Friday, February 08, 2008

Elizabeth Bishop

Today is Elizabeth Bishop's birthday. I don't have time this morning for a lengthy post giving you all sorts of reasons why, if you don't know this marvelous poet's work, you should, so instead I'll provide here the concluding lines of the last "movement" of her poem "At the Fishhouses" (go here to see the proper layout of the text--except for the double-spacing). Be sure to read it out loud:

Cold dark deep and absolutely clear,
the clear gray icy water . . . Back, behind us,
the dignified tall firs begin.
Bluish, associating with their shadows,
a million Christmas trees stand
waiting for Christmas. The water seems suspended
above the rounded gray and blue-gray stones.
I have seen it over and over, the same sea, the same,
slightly, indifferently swinging above the stones,
icily free above the stones,
above the stones and then the world.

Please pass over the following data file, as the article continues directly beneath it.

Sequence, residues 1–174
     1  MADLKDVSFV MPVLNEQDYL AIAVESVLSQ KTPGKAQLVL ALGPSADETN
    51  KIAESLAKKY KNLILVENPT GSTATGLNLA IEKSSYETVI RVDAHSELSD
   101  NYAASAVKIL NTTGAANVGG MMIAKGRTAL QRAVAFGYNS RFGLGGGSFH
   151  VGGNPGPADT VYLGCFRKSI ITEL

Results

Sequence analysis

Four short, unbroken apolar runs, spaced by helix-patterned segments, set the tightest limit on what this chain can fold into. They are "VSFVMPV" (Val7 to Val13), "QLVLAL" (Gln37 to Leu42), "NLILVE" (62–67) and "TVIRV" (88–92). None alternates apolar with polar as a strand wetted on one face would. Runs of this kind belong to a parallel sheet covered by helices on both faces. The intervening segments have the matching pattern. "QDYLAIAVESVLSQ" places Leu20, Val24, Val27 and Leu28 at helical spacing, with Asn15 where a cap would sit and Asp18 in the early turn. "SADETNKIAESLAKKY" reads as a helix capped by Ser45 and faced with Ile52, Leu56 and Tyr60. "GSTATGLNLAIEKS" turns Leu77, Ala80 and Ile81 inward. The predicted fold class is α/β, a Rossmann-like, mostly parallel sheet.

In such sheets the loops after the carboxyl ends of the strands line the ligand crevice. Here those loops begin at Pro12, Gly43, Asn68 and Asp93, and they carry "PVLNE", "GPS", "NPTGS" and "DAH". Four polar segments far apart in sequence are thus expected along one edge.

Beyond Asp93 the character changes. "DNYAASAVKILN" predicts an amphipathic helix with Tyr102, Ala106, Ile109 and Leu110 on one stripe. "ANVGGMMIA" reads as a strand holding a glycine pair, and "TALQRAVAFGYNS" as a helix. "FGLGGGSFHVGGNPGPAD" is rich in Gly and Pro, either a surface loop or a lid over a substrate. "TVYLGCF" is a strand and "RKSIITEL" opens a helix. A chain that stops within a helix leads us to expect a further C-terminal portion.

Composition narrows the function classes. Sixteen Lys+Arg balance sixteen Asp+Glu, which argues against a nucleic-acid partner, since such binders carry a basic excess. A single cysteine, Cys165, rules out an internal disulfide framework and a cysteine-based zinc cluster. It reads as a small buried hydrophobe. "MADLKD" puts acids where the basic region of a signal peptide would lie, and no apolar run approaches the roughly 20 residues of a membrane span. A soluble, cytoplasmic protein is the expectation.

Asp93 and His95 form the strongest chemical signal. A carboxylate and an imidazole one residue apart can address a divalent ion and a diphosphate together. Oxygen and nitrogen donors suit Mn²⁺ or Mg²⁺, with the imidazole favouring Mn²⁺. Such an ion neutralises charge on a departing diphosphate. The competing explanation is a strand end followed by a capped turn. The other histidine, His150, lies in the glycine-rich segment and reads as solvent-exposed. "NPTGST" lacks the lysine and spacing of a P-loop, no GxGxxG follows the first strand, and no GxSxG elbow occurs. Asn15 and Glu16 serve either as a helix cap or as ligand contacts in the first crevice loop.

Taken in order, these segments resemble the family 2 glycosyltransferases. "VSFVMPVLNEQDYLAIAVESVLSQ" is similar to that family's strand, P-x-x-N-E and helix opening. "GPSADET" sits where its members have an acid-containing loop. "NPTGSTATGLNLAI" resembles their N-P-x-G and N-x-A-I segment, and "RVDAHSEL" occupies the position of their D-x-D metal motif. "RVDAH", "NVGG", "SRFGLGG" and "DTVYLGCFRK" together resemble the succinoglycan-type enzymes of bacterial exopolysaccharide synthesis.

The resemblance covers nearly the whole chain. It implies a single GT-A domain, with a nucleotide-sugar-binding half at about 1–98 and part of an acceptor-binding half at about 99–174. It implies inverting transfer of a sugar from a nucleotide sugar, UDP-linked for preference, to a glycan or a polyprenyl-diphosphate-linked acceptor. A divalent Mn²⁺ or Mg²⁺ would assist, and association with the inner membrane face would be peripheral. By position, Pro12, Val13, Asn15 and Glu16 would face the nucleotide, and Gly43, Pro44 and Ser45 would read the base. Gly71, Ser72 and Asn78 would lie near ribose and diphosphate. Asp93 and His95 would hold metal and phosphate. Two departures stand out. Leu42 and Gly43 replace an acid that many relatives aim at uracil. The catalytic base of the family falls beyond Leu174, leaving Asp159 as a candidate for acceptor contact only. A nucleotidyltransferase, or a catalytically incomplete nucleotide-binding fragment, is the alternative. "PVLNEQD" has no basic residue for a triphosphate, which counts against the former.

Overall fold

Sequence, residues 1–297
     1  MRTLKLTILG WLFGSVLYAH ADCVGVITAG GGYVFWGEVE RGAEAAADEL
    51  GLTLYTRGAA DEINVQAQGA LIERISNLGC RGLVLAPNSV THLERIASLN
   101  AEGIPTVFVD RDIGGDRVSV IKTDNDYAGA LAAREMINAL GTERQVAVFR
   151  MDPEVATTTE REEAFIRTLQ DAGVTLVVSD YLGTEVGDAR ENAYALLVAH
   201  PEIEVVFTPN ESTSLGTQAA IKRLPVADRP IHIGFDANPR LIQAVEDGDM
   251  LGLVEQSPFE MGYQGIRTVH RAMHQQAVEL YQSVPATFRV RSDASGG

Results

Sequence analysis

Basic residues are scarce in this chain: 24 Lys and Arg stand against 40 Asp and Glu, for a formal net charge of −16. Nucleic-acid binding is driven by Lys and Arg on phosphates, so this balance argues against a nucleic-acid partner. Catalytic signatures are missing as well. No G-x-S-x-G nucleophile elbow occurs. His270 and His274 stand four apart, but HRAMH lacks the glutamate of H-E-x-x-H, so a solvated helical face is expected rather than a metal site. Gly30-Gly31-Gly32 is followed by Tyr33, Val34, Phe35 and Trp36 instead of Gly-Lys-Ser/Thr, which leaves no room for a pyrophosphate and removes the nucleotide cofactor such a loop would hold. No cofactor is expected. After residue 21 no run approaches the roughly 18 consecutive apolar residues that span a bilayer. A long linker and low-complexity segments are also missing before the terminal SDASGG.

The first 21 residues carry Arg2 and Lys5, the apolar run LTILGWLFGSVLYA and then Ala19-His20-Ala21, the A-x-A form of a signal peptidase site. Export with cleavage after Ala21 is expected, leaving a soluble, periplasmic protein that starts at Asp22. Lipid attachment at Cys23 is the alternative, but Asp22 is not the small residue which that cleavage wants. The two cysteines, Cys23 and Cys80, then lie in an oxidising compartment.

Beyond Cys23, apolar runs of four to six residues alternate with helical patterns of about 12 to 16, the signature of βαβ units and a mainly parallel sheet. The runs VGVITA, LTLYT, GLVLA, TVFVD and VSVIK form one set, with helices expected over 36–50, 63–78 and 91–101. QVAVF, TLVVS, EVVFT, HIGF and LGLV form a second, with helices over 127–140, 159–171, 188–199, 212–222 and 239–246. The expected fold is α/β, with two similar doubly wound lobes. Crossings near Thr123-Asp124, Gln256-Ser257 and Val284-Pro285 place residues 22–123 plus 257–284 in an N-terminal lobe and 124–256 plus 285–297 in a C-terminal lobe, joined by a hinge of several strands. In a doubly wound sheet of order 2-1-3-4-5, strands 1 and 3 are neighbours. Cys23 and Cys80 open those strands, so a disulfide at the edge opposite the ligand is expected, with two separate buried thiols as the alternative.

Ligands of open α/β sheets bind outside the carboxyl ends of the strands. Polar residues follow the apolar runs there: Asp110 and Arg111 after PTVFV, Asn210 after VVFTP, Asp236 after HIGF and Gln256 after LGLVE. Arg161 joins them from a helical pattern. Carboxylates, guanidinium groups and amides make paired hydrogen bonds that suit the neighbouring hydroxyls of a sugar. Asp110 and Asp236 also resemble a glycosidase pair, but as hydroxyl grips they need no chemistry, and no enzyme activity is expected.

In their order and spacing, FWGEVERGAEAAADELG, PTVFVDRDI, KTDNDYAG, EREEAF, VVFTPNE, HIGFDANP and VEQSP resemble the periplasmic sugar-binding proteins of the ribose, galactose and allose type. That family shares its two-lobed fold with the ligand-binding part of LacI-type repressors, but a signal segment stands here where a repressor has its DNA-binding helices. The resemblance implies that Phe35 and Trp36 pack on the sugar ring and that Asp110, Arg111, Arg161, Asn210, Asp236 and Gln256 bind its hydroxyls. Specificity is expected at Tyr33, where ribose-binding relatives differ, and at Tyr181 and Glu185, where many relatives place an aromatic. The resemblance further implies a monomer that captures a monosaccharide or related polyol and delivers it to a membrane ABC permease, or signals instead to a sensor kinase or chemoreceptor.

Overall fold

If you should dip your hand in,
your wrist would ache immediately,
your bones would begin to ache and your hand would burn
as if the water were a transmutation of fire
that feeds on stones and burns with a dark gray flame.
If you tasted it, it would first taste bitter,
then briny, then surely burn your tongue.
It is like what we imagine knowledge to be:
dark, salt, clear, moving, utterly free,
drawn from the cold hard mouth
of the world, derived from the rocky breasts
forever, flowing and drawn, and since
our knowledge is historical, flowing, and flown.


Amy said...

I have always loved that poem. Thanks for reminding me of it, and EB's birthday.

John B. said...

Thank you, Amy. Not that I don't like the whole poem, but this part just seems to come out of nowhere--in a good way--by comparison to the rest of it . . . as though she's stuck her hand into the aether and pulled this out. However she did it, I'm just glad she did.

Amy said...

Yep, that's the part I like too.